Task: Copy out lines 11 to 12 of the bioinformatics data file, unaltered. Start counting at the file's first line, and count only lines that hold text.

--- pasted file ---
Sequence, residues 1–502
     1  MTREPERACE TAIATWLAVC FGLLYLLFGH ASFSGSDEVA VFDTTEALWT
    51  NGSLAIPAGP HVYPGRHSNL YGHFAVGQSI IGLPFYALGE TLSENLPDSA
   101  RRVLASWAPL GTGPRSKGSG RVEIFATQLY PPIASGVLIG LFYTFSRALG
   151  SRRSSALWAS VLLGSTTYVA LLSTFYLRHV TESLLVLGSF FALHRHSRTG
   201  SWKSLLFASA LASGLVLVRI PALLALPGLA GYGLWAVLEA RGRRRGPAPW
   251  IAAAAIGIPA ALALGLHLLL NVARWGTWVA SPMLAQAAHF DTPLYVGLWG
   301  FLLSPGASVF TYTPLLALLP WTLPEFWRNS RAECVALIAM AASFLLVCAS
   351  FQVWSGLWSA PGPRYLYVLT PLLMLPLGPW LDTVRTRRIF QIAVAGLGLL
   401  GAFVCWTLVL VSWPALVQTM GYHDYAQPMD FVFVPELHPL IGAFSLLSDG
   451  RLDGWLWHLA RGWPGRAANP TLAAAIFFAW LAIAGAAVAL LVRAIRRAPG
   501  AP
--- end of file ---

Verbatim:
   451  RLDGWLWHLA RGWPGRAANP TLAAAIFFAW LAIAGAAVAL LVRAIRRAPG
   501  AP